August 16, 1961: Behind the shut out pitching of Bob Purkey and Jim O’Toole, the Reds retake first place for good as they sweep a doubleheader from the Los Angeles Dodgers in Los Angeles.

The Reds entered the contests one game behind the Dodgers for first place. The first game of the doubleheader matched up Reds knuckleballer Bob Purkey against righthander Larry Sherry. The Reds jumped on Sherry for four runs in the top of the first inning and never looked back. Eddie Kasko led off with a single and Don Blasingame tripled him home. Vada Pinson singled home Blasingame and Frank Robinson was hit by a pitch. Pinson advanced to third base on a flyball by Gordy Coleman and later scored on Dodgers catcher John Roseboro’s throwing error as Robinson stole second base. Robinson advanced to third on a ground out and then scored on a wild pitch, giving the Reds a 4-0 lead. The Reds added two more in the third on a Robinson home run to give them a 6-0 lead to round out the scoring.

Meanwhile, Purkey was superb. He allowed only four hits, walked no one, and struck out seven in improving his record to 14-7 (finished the year 16-12). The Dodgers had only one runner reach third base and that came in the second inning on two Dodger singles.

The second game was a whole lot tighter for Reds star lefty O’Toole. O’Toole, 11-9 entering the game, was matched up against another star lefty, the Dodgers Johnny Podres, who entered the game 15-3 on his way to an 18-5 season.

Reds third baseman Gene Freese got the Reds on the board first with a fourth inning solo home run, but that was the only run of the game through the first six innings of play. Through six innings, the Reds had only three hits off Podres, and the Dodgers had only two singles off O’Toole.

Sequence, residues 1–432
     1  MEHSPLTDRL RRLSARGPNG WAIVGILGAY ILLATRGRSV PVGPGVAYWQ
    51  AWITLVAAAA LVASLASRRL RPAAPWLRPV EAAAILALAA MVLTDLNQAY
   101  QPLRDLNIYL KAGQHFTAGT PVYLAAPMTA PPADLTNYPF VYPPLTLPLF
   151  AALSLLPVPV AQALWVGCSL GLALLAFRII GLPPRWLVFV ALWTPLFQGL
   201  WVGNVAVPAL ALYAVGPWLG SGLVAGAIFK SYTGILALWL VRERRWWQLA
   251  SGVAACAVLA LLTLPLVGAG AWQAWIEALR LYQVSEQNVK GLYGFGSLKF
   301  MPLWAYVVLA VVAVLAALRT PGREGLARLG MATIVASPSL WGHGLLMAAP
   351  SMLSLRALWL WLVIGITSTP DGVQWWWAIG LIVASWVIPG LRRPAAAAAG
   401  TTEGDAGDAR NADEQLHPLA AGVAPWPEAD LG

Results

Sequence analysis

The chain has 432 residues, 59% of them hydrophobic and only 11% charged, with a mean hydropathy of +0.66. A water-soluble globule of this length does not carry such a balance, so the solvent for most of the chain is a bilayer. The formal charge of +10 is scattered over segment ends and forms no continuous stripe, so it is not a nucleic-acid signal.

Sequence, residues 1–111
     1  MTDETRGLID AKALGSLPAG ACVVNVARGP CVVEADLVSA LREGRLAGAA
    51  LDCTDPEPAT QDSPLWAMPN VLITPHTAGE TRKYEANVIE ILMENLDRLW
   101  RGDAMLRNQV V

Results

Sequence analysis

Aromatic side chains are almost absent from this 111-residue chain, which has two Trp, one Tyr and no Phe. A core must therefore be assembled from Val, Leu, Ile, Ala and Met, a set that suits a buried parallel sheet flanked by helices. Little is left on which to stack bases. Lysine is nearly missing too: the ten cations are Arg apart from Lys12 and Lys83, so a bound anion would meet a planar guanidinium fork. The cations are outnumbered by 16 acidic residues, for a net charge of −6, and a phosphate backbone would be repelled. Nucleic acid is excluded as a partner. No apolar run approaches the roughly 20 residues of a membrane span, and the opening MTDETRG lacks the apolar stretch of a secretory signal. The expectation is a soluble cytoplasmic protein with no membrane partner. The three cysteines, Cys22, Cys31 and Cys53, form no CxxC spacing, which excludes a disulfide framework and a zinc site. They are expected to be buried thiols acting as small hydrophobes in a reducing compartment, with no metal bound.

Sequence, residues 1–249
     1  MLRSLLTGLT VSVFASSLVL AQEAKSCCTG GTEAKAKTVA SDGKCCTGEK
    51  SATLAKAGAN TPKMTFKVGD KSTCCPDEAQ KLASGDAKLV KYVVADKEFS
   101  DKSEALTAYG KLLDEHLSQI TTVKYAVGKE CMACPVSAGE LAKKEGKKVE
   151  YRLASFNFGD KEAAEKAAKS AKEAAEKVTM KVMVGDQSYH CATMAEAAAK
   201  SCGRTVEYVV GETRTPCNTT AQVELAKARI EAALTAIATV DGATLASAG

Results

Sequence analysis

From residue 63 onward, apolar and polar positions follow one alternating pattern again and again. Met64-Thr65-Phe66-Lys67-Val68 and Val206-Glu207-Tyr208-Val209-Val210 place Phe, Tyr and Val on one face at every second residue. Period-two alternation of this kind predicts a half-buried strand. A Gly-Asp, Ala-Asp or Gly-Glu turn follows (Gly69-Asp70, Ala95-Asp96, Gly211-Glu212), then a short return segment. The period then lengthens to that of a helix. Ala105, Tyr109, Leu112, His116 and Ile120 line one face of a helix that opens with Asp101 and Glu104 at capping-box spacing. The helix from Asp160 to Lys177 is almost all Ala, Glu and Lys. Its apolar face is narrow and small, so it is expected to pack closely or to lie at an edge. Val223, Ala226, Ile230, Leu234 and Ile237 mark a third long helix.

The Reds made it 2-0 in the seventh when seldom-used catcher Darrell Johnson hit the only Reds home run of his 22-game Reds career (Johnson later managed the Boston Red Sox against the Reds in the 1975 World Series). The solo shot was one of only two home runs Johnson hit in his career covering six seasons (134 games). Later, the Reds chased Podres in the seventh when Freese hit his second homer of the day, this one a three-run shot to give the Reds a 5-0 lead. The Reds added three insurance runs in the eighth when Pinson singled home a run and Robinson singled home two more off Dodger reliever Turk Farrell to finalize the margin.

Winning pitcher O’Toole went the distance, allowing only two hits and four walks, striking out seven. No Dodger reached third base in the game (only one Dodger reached third base in both games combined). No Dodger had a hit after Charlie Neal led off the fifth inning with a single. Only two batters reached base against O’Toole after the fifth, both on walks, but both were erased by double plays. O’Toole finished the season with eight consecutive victories to finish the year 19-9.

The shutout wins pushed the Reds into first place, a lead they didn’t relinquish the rest of the year. According to “Redleg Journal” by Greg Rhodes and John Snyder, the Reds played before the largest crowd in their history (72,140) during this doubleheader sweep.

“The Reds were never out of first place for the rest of the season. It is also the last time in club history that the Reds swept a doubleheader with a pair of shutouts. Memorial Coliseum–which was not built for baseball–was a host site for the 1932 and 1984 Olympics and was a temporary home for the Dodgers until Dodger Stadium opened in 1962. Although the attendance of 72,140 was immense, there were still some 30,000 empty seats. The evening’s attendance set a record (which still stands) for the largest crowd to see a doubleheader in the NL. The single game record is 80,227 set at Mile High Stadium for the first game in Colorado Rockie history (April 9, 1993).”